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18 June 2014
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Myths and Legends
Broadmoor’s word-finder

Minor continued to serve in the army for several years, however, he showed growing signs of mental instability, and in 1868 was admitted into a lunatic asylum in Washington. Judged "incapacitated by causes arising in the line of duty", he was resigned from his commission, and in 1871 went to London, where he settled in Lambeth. Here, sinking deeper into paranoia, Minor shot and killed George Merritt, a stoker, believing he had broken into his room.

The subsequent trial revealed the full extent of Minor's insanity for the first time, and the details were widely published in the press; the "Lambeth Tragedy" was international news.
The former Broadmoor Asylum
© Courtesy of the West London Mental Health Trust.
Minor was judged not guilty, on grounds of insanity, and was detained in safe custody "until Her Majesty's Pleasure be known", and so he became Patient Number 742; inmate of England's newest asylum.

England's newest asylum

In the early-19th Century, the most dangerous "criminal lunatics" were housed in Bethlehem Hospital in London. However, it became severely overcrowded, and so, following an Act for the Better Provision for the Custody and Care of the Criminal Lunatics (1860), Broadmoor was opened in 1863 - the first institution in England built specifically for the "criminally insane".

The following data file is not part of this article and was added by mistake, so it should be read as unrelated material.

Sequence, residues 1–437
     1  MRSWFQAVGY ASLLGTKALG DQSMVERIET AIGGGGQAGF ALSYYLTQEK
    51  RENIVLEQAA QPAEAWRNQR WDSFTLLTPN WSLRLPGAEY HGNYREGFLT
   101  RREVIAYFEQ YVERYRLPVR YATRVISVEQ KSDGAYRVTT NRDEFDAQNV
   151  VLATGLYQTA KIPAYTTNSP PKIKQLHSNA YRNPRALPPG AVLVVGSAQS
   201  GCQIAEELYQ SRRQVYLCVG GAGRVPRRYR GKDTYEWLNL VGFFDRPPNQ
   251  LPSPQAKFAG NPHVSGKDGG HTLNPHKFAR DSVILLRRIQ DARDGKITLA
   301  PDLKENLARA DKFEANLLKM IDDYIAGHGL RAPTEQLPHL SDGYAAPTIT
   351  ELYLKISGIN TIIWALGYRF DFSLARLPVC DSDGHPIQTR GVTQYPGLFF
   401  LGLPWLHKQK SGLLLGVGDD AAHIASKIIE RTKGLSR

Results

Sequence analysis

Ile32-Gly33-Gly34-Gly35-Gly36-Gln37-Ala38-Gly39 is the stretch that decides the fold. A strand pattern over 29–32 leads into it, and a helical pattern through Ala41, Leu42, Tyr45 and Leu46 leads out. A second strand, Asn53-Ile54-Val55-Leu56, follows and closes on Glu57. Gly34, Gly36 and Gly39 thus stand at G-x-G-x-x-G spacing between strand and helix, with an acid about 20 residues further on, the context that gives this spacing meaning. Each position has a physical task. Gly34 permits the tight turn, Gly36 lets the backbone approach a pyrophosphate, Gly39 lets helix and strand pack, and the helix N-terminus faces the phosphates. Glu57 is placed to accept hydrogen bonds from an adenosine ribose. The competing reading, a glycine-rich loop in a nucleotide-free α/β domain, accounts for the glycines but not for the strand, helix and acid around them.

Situated in the village of Crowthorne in Berkshire, the Broadmoor site originally covered 290 acres. The impressive building, set behind forbidding high walls and imposing front gates, was designed by Sir Joshua Jebb, a military engineer who had previously designed two prisons. And Broadmoor was still essentially prison-like; whilst its construction showed recognition of the differing needs of the "criminally insane", the Victorians were by no means overly enlightened in their treatment of such detainees – Broadmoor’s inmates were always referred to as "lunatics" and "criminals", never as "patients".

In these less centralised and institutionalised times, however, life inside could be fairly comfortable for those of means, like Minor. (Later on, under a new director, things were less "flexible".) Well-educated and still receiving his army pension, Minor was housed in Block 2, the "swell block", and was given two rooms, not one. After pressure from the American Vice-Consul-General his painting materials were returned, as were some of his clothes, but his most extravagant “allowance” was books – Minor acquired so many that he even converted one of his rooms into a library.

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